>Further supportive evidence of the use of the Beringia landbridge was uncovered at Alaska’s Swan Point site where human occupation has been dated as far back as 14,000 years ago. “Another notable aspect of Swan Point is the role it has played in understanding the prehistoric migration of peoples into the Americas. A type of stone tool, the microblade, which was unearthed at the site, has been found to resemble those used by the Dyuktai people, who lived in Siberia around the same period. This shows that people crossed from Siberia to Alaska on the Beringia land bridge.”(t)<
The ‘received wisdom’ regarding the origins of the Clovis people was that they had crossed into the Americas from Asia via the Bering Strait 12,000 years ago. This has been challenged in a book by two archaeologists, Dennis J. Stanford and Bruce A. Bradley, who claim “that the first Americans crossed the Atlantic by boat and arrived earlier than previously thought. Supplying archaeological and oceanographic evidence to support this assertion, the book dismantles the old paradigm while persuasively linking Clovis technology with the culture of the Solutrean people who occupied France and Spain more than 20,000 years ago.” In 2014, Stephen Oppenheimer endorsed the work of Stanford and Bradley(h). Coincidentally, an article(m) in the August 2017 edition of Antiquity offers evidence that humans lived in Brazil more than 20,000 years ago, which is many millennia before the Clovis people arrived in North America.
A sceptical view of their work should also be read(f). Furthermore, in 2016 the Solutrean Hypothesis also appears to have been contradicted by recent genetic studies(g).
Late August 2019 saw the dating controversy surrounding the arrival of the First Americans re-ignited with a study that pushes the date back to over 16,000 years ago(l). This is based on archaeological discoveries at Cooper’s Ferry in Idaho. This earlier date suggests that the ice-free corridor would not have been available to these people, but are more likely to have used the coastal route from Asia via the Bering Strait. A secondary matter raised by these finds is that “Based on their analysis of the stone tools from Cooper’s Ferry, the researchers suggest that they are most similar to artifacts of the same general period found on the other side of the Pacific. Specifically, they appear to share many traits with tools produced on the northern Japanese island of Hokkaido 13,000-16,000 years ago!”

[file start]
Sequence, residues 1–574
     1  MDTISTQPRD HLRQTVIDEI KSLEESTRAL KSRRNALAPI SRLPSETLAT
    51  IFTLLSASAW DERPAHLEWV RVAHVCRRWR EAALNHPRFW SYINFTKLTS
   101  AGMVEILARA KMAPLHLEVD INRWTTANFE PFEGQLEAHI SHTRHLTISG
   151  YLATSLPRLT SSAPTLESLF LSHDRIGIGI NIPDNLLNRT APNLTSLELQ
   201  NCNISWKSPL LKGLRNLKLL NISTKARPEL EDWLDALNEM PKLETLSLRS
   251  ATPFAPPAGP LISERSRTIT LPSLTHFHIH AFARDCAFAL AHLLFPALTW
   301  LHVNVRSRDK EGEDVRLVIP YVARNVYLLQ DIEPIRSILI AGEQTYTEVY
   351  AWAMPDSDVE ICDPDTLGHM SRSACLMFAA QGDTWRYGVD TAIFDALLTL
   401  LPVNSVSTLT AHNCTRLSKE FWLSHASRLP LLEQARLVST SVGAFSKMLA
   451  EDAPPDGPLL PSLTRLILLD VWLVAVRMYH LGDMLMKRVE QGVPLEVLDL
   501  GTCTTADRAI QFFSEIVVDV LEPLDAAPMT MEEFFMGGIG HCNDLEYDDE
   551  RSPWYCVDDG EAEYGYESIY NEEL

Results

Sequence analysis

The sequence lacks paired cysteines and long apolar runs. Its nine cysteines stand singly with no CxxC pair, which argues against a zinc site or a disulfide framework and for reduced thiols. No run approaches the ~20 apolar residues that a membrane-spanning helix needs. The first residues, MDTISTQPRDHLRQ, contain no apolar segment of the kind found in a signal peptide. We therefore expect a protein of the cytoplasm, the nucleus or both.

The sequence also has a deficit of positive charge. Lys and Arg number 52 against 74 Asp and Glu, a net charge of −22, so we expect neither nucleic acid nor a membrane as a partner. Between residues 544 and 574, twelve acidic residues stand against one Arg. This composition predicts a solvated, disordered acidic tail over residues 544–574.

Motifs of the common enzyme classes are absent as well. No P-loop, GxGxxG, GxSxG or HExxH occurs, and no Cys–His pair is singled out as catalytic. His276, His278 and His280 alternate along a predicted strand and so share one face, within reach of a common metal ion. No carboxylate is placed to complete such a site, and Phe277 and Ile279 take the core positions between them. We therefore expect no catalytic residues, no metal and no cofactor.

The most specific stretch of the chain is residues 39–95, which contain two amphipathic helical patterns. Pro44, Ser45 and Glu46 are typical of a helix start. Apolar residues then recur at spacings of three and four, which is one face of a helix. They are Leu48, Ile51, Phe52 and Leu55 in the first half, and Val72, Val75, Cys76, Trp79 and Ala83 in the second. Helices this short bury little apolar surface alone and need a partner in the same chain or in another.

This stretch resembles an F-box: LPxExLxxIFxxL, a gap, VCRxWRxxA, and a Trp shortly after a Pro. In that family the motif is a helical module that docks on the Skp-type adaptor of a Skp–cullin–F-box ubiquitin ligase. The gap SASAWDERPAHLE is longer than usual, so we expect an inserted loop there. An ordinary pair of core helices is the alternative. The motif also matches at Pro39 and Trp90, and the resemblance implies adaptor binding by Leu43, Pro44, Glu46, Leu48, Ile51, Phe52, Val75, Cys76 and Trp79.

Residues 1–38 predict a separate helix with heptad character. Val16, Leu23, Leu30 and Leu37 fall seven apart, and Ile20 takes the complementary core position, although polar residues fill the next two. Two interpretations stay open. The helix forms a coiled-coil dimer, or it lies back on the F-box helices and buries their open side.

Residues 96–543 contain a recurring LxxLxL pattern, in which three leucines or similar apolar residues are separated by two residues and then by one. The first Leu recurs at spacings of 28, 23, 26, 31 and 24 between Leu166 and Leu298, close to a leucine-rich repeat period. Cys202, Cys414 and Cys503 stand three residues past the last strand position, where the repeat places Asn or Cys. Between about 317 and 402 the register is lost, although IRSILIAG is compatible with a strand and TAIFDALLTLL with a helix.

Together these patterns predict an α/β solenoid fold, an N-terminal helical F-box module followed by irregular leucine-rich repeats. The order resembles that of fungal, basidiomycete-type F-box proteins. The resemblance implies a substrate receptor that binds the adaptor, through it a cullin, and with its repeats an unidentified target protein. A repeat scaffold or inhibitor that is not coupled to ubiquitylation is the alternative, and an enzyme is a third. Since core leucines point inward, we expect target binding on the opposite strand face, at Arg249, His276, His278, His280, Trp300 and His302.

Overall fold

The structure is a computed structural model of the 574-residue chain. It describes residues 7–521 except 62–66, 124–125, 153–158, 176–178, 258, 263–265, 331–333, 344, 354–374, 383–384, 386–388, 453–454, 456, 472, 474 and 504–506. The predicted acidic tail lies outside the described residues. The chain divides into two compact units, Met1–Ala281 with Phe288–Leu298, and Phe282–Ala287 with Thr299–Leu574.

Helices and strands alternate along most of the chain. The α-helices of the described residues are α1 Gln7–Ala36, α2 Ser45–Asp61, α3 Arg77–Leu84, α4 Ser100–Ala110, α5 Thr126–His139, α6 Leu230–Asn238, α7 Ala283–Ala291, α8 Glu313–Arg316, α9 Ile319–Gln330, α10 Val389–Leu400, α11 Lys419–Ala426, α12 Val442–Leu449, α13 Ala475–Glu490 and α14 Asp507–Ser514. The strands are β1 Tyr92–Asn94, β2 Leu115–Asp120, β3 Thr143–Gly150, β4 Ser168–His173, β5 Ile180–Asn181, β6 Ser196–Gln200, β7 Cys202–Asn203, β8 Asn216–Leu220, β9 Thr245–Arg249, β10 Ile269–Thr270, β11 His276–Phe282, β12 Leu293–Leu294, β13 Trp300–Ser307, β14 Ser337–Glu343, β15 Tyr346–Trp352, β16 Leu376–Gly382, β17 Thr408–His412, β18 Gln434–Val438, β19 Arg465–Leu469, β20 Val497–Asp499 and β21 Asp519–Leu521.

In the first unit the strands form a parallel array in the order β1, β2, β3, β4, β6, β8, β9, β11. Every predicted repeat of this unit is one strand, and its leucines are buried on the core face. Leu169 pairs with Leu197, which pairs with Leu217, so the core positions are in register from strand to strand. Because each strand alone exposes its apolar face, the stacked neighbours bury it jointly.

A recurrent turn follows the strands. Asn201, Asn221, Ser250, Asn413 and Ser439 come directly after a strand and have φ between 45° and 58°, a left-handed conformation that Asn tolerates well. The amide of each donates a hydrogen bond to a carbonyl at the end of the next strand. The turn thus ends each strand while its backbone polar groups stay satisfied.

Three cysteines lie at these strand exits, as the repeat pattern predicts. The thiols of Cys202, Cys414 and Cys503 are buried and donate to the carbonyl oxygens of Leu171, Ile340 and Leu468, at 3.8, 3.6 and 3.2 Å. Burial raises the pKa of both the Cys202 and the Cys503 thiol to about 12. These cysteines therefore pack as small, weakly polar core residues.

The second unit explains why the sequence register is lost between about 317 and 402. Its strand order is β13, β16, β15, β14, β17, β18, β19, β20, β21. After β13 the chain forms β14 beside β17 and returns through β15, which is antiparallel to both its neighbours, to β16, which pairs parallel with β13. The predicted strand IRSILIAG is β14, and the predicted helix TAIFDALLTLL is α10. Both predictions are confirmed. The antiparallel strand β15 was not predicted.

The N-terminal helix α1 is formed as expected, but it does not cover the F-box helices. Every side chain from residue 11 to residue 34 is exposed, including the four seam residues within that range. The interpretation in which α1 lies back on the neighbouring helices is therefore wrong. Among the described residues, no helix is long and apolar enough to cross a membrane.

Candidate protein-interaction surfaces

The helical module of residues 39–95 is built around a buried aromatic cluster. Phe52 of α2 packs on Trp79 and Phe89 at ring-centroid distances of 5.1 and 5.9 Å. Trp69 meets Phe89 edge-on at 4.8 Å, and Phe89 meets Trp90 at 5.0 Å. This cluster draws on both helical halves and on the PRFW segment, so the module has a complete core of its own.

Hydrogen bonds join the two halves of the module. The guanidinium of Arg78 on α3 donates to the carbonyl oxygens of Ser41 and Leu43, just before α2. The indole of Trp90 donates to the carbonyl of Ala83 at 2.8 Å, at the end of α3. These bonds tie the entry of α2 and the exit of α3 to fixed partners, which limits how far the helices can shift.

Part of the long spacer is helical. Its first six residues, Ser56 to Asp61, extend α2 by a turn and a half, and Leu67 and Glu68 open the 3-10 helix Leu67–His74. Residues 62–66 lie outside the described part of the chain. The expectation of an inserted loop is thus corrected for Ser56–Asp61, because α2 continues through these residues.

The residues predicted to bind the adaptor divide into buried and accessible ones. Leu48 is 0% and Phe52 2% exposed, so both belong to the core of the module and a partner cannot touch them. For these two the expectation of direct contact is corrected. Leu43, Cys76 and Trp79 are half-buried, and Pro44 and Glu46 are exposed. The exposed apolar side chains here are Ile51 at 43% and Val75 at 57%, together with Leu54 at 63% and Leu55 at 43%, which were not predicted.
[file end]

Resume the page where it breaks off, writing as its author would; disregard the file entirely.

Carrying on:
The idea that the Clovis people were the first Americans is gradually losing support as the evidence found at Cooper’s Ferry and other sites indicate otherwise. A recent paper on the National Geographic website supports such a revised view(q).
The only direct connection of the Bering Strait with Atlantis has been suggested by Albert. M. Chelchelnitsky, who proposed that Atlantis had been situated in Alaska and placed the Pillars of Herakles in the Strait itself.
William Richard Harris (1847-1923) was Irish by birth, but moved to Canada at an early age, where he became a Catholic priest eventually becoming Dean of St. Catharines Church in Toronto. His many interests included history and anthropology, which led to a compilation of some of his lectures being published as Prehistoric Man in America.
He believed in pre-Columbian contact with America by Europeans, citing the Italian historian Ludovico Antonio Muratori, who showed that Brazil wood was a taxable commodity at the Port of Modena as early as 1306!
In the final chapter he discusses the existence of Atlantis, quoting both classical and modern authors. He concludes with his belief that Atlantis was located in the Atlantic with the Canaries, Azores and Cape Verde as its remnants.
Edward Wells (1667-1727) was an English mathematician, geographer and controversial theologian. In a 1701 work, A Treatise of Antient and Present Geography [1259.146], he refers to the belief of some, linking America with Plato’s Atlantis, although he avoids revealing his own opinion on the matter. He refers to Cosmographie by Peter Heylyn (1599-1662),>where arguments that the ancients had knowledge of America are more fully expounded. Thorwald C. Franke discusses Wells in his 2016 book [1255.321], and concluded that Wells thought that Atlantis had been situated in the Atlantic!<
Patrick Neison Lynch (1817-1882) was the Irish-born third Catholic bishop of Charleston, South Carolina and a prominent slaveowner, having ninety-five slaves. He was appointed by Jefferson Davis, the Confederate President to go to Rome to seek the recognition of the southern breakaway states by the Vatican or more correctly the Papal States, as it was then.
In a newspaper report of a lecture(a) that he gave in 1867, Lynch declared “I shall take it as an established fact that America was peopled by the sons of Japheth.” whom he named more specifically as the Phoenicians. He also clearly attributed the ancient exploitation of the Michigan copper to the Phoenicians.
Lynch also identified America as Plato’s Atlantis, although he does not at any point refer to the Phoenicians as Atlanteans..